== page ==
Those Who Can’t Teach, Do.

NYC subway ad reinforcing a ridiculous and all too common belief

Why being a great teacher makes you a great change agent

I have always seethed at the rhetoric that teachers are failed businesspeople or otherwise incapable of “doing.” What does “doing” mean anyway? Unless you are building an Ikea bookshelf, “doing” is not a straightforward act. You cannot “do” unless you know how to collaborate, shift mindset and persuade. This notion of “doing” needs a reboot. It comes from a time of rigid structure and process, where no one asks you to conceptualize and move a team of hundreds in a new direction. It comes from a world of products not services and a world without choice paralysis and social media.

This uniquely American sentiment towards educators is also attacked because it provides one of the last safe vestiges of job security — the teacher’s union. With tens of millions of Americans struggling to live a middle income life, bouncing from job to job without benefits, the systems that once supported and protected families have been torn down. Today, middle income security comes in the form of driving trucks. Yes, you heard me right. Truck driving is the most popular job in 29 states because it offers one of the few expansive opportunities for a middle class lifestyle.

So while part of this misdirection comes from the Shaw quote and the vilification of all things union, I want to take a look at why the opposite is true.

I have had the distinct pleasure to teach nearly all grades — kindergarten through high school, university and grad school. I’ve taught at MIT and Bard and the Ethical Culture Fieldston School. I can say, without a shadow of doubt, that if you want to be a great change agent, start by being a teacher. Here are 3 ways teaching builds your change agent skills:

1. Explainer in chief: Have you ever tried explaining a concept once to a large and diverse group of people (much less a rowdy, hungry group of 10 year olds?) You need to come up with multiple ways to get the same material understood by vastly different minds. This goes beyond the Albert Einstein credo “If you can’t explain it simply, you don’t understand it well enough.” That’s step one. Step two is reframing that simple explanation a dozen ways to be absorbed by very different minds.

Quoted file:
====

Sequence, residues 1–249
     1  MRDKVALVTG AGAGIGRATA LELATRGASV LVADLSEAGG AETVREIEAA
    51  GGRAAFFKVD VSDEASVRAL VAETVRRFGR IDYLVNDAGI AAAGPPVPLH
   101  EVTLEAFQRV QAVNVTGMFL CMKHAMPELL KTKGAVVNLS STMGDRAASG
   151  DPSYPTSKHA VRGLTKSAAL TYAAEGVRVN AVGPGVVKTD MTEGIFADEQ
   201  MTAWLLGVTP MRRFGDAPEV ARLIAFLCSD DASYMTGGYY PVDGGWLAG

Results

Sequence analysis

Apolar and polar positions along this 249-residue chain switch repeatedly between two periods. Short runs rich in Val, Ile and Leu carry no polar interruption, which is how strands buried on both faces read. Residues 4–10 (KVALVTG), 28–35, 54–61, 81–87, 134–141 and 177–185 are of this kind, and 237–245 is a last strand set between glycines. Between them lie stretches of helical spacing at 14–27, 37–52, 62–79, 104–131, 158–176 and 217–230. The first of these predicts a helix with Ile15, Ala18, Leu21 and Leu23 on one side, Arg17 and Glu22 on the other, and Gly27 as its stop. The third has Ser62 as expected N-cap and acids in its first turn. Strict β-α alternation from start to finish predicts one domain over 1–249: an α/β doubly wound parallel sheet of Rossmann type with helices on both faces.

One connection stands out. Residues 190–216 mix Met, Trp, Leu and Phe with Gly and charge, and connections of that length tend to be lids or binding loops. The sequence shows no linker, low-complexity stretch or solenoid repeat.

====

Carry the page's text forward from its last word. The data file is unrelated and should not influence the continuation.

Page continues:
2. Selfless enabler. In a culture that lavishes money and fame to those performing a profession rather then teaching it, life behind the curtain requires a different lens. You accept others success as your own. You take the long view. As Confucius explained “If you think in terms of a year, plant a seed; if in terms of ten years, plant trees; if in terms of 100 years, teach the people.” Teachers take the long view — change requires the long view.

3. Operational expert. Unless ruled by a junta, the goal and process to achieving it can’t be singular. With an ideal outcome or lesson in mind, teachers can’t be wed to a single process. Process is a signal of change and change a signal of concern to all of us comfortable with status quo. We need to develop processes to calm multiple emotions and personalities. What better lesson for change is there?

What happens when you learn how to teach? You pursue a challenge ten different ways to be sure you connect with each student’s mind. And if you’re lucky, those same student minds gave you an eleventh and twelfth perspective you hadn’t thought of yourself. So the next time you hear that teacher’s are failed doers, remind them that the 21st century has no doers, it has change agents and teams. Teachers lead both.

One clap, two clap, three clap, forty?

By clapping more or less, you can signal to us which stories really stand out.